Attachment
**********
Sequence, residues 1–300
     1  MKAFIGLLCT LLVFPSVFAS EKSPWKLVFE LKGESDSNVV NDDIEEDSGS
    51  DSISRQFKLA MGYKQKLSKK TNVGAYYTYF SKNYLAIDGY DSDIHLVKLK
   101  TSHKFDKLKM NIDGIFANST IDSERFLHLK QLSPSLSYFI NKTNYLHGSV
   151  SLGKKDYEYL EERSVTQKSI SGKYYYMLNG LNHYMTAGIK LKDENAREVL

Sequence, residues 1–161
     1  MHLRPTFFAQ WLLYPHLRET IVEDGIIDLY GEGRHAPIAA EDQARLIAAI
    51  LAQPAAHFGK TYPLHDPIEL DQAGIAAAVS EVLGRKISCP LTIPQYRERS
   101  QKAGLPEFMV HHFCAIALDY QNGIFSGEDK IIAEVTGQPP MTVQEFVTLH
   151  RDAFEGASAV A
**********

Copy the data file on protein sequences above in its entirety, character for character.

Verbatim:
Sequence, residues 1–300
     1  MKAFIGLLCT LLVFPSVFAS EKSPWKLVFE LKGESDSNVV NDDIEEDSGS
    51  DSISRQFKLA MGYKQKLSKK TNVGAYYTYF SKNYLAIDGY DSDIHLVKLK
   101  TSHKFDKLKM NIDGIFANST IDSERFLHLK QLSPSLSYFI NKTNYLHGSV
   151  SLGKKDYEYL EERSVTQKSI SGKYYYMLNG LNHYMTAGIK LKDENAREVL

Sequence, residues 1–161
     1  MHLRPTFFAQ WLLYPHLRET IVEDGIIDLY GEGRHAPIAA EDQARLIAAI
    51  LAQPAAHFGK TYPLHDPIEL DQAGIAAAVS EVLGRKISCP LTIPQYRERS
   101  QKAGLPEFMV HHFCAIALDY QNGIFSGEDK IIAEVTGQPP MTVQEFVTLH
   151  RDAFEGASAV A